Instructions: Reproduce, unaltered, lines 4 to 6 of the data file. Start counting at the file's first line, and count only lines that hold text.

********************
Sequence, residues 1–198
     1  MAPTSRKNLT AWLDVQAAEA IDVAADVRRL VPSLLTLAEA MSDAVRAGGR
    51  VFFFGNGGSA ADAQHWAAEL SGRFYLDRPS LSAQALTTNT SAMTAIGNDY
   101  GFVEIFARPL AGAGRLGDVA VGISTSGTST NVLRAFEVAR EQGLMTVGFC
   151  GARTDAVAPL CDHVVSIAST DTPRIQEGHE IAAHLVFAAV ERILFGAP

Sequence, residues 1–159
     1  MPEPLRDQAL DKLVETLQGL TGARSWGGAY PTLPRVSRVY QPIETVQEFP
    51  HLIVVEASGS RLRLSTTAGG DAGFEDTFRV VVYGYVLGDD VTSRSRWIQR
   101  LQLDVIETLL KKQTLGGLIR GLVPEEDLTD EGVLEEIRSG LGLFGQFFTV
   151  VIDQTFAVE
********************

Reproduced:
   101  GFVEIFARPL AGAGRLGDVA VGISTSGTST NVLRAFEVAR EQGLMTVGFC
   151  GARTDAVAPL CDHVVSIAST DTPRIQEGHE IAAHLVFAAV ERILFGAP

Sequence, residues 1–159